Healing Miso Soup with Tofu
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- Serves: 2
- Preparation: 10
- Cooking: 10
- Ready: 20
If you’ve never had soup for breakfast, you should try treating yourself with a bowl of hot miso soup like this one.
- 7 cm dried wakame (seaweed)
- 2 cm piece fresh ginger
- 4 spring onions
- 110 g tofu
- 2 tablespoons sesame oil
- 4 garlic cloves, crushed
- pinch of salt
- 480 ml hot water
- 1–2 tablespoons barley or rice miso
- 2 tablespoons freshly chopped flat-leaf parsley
- freshly squeezed juice of ½ lemon
Soak the wakame in a bowl with 120 ml cold water until soft.
Drain (reserve the water), cut into small pieces and set aside. Peel the fresh ginger and finely mince half of it. Finely grate the other half in a small bowl and keep for later. Chop the spring onions and cut the tofu into small cubes.
In a frying pan, sauté the white part of the spring onions for 1 minute in the sesame oil, then add the garlic, ginger and salt. Sauté a little longer, add the hot water, tofu and set-aside wakame and cover. Bring to the boil, then lower the heat and simmer for 4 minutes. Remove from the heat.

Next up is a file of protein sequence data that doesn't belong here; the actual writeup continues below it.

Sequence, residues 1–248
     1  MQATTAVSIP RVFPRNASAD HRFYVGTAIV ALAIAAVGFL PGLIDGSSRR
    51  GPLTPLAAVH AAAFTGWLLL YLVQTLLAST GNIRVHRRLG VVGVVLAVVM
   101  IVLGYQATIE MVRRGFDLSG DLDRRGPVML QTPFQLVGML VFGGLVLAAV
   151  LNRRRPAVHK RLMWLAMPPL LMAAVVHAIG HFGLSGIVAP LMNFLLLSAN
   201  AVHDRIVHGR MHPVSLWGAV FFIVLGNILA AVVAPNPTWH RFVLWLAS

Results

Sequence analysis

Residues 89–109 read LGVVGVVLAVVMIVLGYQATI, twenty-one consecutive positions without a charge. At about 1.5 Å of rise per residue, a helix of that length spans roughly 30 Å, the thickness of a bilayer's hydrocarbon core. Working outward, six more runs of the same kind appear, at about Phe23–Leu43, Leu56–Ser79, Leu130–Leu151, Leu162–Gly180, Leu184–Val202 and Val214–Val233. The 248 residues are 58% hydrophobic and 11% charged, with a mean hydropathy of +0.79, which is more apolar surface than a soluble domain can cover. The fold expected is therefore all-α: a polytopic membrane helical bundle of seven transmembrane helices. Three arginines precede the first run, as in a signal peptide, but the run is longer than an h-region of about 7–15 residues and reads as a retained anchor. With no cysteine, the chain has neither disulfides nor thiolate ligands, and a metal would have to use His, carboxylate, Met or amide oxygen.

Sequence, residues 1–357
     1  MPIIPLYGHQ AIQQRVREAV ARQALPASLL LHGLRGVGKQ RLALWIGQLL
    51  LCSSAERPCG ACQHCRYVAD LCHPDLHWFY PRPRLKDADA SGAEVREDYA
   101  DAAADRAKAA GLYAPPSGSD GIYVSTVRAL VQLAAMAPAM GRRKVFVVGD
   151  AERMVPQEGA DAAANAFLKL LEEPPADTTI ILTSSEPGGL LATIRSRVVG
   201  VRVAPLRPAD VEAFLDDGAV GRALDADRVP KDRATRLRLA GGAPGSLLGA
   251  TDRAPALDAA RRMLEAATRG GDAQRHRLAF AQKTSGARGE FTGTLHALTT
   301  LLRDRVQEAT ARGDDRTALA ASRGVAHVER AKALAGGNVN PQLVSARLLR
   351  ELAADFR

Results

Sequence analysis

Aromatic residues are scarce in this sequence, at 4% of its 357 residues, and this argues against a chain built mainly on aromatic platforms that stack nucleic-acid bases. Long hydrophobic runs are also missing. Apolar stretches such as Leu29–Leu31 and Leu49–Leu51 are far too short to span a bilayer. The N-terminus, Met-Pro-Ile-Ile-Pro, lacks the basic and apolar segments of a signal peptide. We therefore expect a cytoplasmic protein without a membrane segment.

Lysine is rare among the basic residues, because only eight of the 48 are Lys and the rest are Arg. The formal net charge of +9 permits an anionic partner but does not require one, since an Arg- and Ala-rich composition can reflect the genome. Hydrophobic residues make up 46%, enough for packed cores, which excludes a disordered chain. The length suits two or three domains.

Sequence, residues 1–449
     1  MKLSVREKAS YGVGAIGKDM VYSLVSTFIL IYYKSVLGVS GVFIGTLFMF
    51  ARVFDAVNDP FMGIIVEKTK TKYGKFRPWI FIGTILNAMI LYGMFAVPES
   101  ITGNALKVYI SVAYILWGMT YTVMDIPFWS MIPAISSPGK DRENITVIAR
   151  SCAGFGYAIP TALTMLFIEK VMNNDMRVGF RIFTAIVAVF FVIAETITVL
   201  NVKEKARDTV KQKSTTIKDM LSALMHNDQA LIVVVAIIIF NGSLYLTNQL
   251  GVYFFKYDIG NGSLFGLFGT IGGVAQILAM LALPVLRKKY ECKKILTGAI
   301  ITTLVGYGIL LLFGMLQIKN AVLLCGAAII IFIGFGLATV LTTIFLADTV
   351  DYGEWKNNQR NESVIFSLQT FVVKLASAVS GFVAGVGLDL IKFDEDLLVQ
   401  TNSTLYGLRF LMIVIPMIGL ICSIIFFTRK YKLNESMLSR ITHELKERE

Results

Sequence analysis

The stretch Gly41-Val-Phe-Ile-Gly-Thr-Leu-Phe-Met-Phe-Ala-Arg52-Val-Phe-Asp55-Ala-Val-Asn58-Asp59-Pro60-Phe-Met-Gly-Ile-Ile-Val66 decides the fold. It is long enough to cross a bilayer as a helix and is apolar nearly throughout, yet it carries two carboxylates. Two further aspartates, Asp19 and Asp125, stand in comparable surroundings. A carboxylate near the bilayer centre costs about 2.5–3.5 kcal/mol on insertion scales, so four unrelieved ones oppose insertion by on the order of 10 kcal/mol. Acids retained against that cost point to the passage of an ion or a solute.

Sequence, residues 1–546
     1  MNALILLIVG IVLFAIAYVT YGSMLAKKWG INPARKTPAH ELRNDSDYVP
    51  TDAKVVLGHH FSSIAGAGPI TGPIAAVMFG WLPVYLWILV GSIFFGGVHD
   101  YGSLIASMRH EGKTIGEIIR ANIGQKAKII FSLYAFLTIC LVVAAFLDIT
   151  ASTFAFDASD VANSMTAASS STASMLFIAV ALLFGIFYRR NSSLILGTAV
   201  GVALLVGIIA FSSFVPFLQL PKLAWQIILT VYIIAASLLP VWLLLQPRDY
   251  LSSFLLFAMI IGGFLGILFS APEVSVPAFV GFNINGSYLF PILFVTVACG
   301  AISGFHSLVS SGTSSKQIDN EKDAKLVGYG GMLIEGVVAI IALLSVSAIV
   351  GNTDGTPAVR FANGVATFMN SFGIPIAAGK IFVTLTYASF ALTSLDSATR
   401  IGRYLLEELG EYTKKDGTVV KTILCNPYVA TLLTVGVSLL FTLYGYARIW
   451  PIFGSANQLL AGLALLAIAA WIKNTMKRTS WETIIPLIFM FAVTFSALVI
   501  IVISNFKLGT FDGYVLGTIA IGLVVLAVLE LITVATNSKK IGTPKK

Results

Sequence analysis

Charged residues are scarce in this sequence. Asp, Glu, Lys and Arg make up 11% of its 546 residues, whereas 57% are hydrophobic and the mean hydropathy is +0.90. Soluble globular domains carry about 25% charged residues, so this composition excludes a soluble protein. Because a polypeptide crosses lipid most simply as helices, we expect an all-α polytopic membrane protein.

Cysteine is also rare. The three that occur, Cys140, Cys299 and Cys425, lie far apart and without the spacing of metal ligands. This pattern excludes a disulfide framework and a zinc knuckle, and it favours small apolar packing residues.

Pour approximately 60 ml of hot water into a small bowl.
Add the miso and purée really well with a fork, until completely dissolved. Pour back, cover and let sit for 2–3 minutes. Take the grated ginger in your hand and squeeze it to release the juice directly into the hot soup. Discard the remaining ginger pulp. Add the chopped spring onion greens, parsley and lemon juice and serve immediately
Totally Tofu published by Ryland Peters and Small (£9.99)
Photography © Ryland Peters and Small
“If you’ve never had soup for breakfast, you should try treating yourself with a bowl of hot miso soup like this one. In Japan, miso soup is traditionally served for breakfast, accompanied by rice and pickled vegetables. Don’t forget that you can combine different kinds of miso in the same soup. Or, in the warmer weather, you may want to try substituting darker miso pastes with the milder sweet white miso.”